(Psst, this book review is my Massachusetts pick for my Make America Read Again challenge. to read the full list of books this year, click here.)
For those of you who don’t know, my husband is a legit super genius patent lawyer extraordinaire. Not that I am biased or anything.
He and I have gone to school together since we were in middle school, and he has always aced every test, paper, quiz, and presentation. He was one of two people in our graduating college class to have a perfect 4.0, and the only one in his major (Chemistry) to accomplish this GPA, considered one of the most difficult programs in the country. He broke the record for the highest Organic Chemistry test scores from our school and won the adoration of our professor (who would write notes on his test like, “You have an incredible future in Chemistry”, smiley face included), and he had only taken that class FOR FUN with me, while I was forced to take it for my pre-med curriculum.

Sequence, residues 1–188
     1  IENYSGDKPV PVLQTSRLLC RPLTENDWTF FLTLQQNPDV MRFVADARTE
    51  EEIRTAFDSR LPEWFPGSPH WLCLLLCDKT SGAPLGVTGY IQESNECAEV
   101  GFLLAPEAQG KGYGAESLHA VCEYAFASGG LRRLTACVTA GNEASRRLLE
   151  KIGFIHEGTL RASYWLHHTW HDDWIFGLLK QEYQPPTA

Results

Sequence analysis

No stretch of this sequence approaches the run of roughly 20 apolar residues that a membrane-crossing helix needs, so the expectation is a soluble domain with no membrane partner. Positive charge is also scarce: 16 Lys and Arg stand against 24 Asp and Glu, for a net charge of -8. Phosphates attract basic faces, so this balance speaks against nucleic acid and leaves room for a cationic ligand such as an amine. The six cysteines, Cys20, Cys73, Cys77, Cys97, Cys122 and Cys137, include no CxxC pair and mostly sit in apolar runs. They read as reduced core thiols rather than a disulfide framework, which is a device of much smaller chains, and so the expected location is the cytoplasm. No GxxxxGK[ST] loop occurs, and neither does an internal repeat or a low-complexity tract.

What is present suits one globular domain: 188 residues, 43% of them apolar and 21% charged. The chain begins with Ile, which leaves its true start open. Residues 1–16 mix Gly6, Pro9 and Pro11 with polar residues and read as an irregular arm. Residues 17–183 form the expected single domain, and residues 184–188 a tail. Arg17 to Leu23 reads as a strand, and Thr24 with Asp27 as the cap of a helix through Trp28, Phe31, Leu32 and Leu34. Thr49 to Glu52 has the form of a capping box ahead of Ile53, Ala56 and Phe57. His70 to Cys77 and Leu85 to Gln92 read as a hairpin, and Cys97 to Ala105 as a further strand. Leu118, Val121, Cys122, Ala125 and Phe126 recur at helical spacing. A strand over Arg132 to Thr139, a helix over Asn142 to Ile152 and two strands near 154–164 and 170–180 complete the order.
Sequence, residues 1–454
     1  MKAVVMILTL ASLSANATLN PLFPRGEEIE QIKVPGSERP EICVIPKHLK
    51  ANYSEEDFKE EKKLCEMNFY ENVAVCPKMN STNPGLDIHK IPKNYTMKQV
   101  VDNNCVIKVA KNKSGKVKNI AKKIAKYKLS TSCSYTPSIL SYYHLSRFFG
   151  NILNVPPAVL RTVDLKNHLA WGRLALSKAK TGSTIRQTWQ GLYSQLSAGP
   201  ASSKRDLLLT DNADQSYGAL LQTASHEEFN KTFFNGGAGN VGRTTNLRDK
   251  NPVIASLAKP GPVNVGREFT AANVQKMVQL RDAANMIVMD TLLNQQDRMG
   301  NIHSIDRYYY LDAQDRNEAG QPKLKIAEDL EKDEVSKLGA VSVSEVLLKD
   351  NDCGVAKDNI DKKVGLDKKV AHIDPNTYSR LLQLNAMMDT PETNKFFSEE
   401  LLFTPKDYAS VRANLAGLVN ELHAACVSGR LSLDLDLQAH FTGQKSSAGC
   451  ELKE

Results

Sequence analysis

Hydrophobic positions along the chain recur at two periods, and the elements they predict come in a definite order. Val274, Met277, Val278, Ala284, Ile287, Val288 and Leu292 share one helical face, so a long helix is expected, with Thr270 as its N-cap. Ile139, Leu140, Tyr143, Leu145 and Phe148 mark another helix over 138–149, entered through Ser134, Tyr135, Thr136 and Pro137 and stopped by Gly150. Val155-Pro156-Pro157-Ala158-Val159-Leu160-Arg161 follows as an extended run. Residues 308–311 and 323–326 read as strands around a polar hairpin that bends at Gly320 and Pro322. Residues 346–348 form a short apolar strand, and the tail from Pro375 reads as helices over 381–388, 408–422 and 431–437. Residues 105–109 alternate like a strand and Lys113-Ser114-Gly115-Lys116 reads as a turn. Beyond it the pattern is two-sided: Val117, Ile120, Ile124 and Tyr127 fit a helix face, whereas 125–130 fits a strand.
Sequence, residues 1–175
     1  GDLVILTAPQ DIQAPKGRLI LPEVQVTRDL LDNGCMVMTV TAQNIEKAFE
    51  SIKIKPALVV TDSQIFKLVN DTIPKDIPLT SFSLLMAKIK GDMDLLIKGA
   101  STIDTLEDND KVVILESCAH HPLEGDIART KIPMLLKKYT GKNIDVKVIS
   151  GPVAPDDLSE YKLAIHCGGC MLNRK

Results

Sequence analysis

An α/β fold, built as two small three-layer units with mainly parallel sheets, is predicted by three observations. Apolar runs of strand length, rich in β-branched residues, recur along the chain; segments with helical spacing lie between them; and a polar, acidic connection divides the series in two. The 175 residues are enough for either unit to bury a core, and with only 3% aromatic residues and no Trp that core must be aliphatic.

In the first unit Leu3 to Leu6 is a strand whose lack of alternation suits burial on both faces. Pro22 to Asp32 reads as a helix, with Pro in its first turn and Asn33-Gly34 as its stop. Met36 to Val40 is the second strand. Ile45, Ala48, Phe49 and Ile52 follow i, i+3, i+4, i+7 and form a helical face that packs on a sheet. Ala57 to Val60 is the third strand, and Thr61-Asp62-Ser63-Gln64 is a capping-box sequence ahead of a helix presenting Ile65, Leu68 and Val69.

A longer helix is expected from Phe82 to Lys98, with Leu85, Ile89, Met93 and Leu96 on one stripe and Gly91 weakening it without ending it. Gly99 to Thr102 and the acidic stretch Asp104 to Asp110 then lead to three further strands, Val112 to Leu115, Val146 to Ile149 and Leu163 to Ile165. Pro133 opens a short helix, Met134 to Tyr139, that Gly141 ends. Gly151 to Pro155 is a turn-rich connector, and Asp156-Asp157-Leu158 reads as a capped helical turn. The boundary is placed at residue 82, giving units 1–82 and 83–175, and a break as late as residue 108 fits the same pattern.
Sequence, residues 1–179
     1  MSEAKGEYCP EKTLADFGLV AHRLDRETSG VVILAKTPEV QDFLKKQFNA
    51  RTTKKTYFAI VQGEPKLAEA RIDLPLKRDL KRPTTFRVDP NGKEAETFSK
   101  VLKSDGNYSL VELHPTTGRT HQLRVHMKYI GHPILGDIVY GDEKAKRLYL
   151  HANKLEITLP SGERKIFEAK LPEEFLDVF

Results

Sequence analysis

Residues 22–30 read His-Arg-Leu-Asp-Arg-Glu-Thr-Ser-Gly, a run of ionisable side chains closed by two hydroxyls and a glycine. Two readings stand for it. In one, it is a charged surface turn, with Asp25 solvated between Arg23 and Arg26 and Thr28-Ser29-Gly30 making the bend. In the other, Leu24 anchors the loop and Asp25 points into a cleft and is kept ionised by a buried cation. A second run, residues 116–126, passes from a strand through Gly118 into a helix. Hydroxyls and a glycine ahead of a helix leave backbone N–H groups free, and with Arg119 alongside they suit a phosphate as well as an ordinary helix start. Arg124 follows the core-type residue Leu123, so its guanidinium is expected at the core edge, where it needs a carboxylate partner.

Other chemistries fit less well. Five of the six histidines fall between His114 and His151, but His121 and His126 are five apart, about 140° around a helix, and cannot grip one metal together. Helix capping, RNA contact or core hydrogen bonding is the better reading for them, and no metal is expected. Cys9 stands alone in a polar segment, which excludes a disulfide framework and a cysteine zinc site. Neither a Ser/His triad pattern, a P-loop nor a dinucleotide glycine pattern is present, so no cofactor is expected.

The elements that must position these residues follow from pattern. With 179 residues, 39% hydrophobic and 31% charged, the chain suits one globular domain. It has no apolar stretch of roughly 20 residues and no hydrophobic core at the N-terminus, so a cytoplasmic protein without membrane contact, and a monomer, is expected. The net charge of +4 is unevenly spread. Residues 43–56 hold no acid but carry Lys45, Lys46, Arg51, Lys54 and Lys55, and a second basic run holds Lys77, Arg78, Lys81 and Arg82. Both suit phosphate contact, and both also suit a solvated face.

PS: I impressed exactly no one with my Orgo grade, but I got really good at doodling the chemical structure for TNT over and over.
So when he got accepted into Harvard for the Organic Chemistry PhD programs, no one was surprised. What we were surprised to discover, however, was the incredibly toxic and manipulative environment of the department. That’s why this book, Chemistry, by Weike Wang, resonated so deeply with me.